In the eight-plus months since Marissa Mayer became Yahoo CEO, the company has spent a lot of time trying to win over consumers, new hires and entrepreneurs. Just this week, it continued a months-long acquisition spree in mobile, buying Summly, a mobile news app created by a 17-year-old wunderkind.
Yet while Marissa Mayer goes on the "Today" show to talk about Yahoo's new homepage and talks to Wall Street about the portal's "daily habits," its advertising clients are growing tired of waiting for both attention and insight into Ms. Mayer's vision, according to about a half-dozen senior executives at big holding-company-owned media shops.
Wall Street certainly has confidence in Yahoo under Ms. Mayer; the company's stock price is up more than 50% since she became CEO. At the same time, many in the industry feel that the displeasure among ad agencies will catch up to the company in the long run, if not remedied soon. A key part of that remedy will surely be the executive it hires to run its Americas business -- that search is the focus of much industry interest. But some execs warn it can't afford to wait.
"It's crucial. Absolutely crucial," said one senior agency executive, who would only speak about what he described as a deteriorating relationship with Yahoo on a condition of anonymity. "I don't know what their strategy is, but if it includes agencies then they are going to have to fix what they currently have."
This executive said that Ms. Mayer and COO Henrique De Castro have made it clear that they have little interest in building relationships with media agencies -- the outfits that decide where big advertisers spend their advertising dollars. Mr. de Castro, for example, has been known to ignore important emails from senior agency executives.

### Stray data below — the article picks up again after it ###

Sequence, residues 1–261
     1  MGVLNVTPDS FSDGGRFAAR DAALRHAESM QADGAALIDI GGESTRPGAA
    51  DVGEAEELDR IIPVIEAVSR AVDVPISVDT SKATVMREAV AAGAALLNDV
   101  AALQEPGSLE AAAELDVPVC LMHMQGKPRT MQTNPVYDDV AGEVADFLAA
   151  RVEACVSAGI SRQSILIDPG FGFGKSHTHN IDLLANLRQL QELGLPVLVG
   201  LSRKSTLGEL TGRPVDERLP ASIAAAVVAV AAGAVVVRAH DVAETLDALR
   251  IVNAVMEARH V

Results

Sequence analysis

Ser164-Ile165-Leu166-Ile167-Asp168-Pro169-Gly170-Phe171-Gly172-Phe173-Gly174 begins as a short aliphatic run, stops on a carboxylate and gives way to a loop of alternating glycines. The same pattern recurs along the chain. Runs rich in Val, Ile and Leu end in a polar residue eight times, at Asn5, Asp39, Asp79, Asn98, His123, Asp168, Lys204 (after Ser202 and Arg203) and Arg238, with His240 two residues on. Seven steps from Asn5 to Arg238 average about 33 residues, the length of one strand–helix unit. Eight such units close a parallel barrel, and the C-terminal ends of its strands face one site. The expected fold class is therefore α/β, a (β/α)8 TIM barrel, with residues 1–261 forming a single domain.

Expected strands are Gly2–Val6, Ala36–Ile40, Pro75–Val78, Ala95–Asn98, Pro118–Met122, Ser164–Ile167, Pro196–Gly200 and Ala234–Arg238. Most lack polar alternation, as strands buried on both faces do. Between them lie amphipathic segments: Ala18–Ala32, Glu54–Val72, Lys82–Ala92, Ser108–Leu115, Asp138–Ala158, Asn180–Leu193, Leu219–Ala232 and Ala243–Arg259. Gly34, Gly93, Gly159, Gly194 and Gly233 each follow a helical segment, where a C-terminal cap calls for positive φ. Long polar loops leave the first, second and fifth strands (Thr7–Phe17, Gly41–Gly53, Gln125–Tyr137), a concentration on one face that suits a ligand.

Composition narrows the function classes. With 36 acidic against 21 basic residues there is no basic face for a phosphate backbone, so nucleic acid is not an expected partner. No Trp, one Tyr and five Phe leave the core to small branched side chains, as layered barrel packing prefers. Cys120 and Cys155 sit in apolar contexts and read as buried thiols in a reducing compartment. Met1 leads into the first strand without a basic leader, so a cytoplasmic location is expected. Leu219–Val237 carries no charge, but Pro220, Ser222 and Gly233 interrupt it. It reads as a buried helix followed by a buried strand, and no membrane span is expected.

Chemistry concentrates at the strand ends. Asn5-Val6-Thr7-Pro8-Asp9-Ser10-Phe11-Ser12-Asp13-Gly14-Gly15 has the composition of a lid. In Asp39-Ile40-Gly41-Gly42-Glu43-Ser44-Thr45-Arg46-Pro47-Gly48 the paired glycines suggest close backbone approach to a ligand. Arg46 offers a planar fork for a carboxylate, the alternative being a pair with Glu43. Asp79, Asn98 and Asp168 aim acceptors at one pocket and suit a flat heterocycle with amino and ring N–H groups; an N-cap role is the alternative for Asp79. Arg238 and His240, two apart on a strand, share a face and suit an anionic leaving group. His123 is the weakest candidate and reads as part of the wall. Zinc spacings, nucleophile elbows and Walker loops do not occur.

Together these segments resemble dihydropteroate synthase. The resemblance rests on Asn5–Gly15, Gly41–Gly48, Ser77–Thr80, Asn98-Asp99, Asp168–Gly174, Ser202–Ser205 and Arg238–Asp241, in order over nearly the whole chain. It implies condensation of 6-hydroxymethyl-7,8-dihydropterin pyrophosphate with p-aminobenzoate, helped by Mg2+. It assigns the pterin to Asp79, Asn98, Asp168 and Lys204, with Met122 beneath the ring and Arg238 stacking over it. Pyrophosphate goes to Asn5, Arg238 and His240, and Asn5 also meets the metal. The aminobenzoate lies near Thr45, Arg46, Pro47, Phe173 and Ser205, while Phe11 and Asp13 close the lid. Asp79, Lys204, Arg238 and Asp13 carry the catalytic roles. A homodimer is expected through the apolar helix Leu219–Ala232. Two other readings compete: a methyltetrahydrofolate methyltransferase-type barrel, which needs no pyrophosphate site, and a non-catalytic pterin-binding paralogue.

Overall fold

Many in the industry were also disappointed with his speech at the recent Interactive Advertising Bureau annual meeting; several execs in attendance said he presented an elementary Yahoo sales pitch more appropriate for consumers who knew nothing about how the company makes money than agencies looking for real updates.
"I continue to be astonished at how lackadaisical they are in dealing with us," the exec said. "And not just Henrique; Marissa too. They don't think agencies are important."
Partners, not clients
There's a certain amount of ego at play here; media agencies -- especially ones in control of the biggest budgets -- are used to publishers catering to them. They want to feel like partners, instead of just clients that help to pay Yahoo's bills. It's a game as old as the industry. And it doesn't help that many agency executives had extremely close relationships with Ross Levinsohn, the former Yahoo Americas chief and interim CEO.
Former Google engineer Ms. Mayer has re-fashioned Yahoo as a "tech company," and part of that appears to mean doing away with the chummy relationships agency execs expect from media companies. Indeed, in their roles at Google, neither Ms. Mayer nor Mr. De Castro worked closely with agencies, and thus far at Yahoo have felt no need to start.
Still, Yahoo needs strong agency relationships. Display ad sales at Yahoo excluding traffic acquisition costs dropped 5% year over year in the fourth quarter of 2012, from $546 million to $520 million.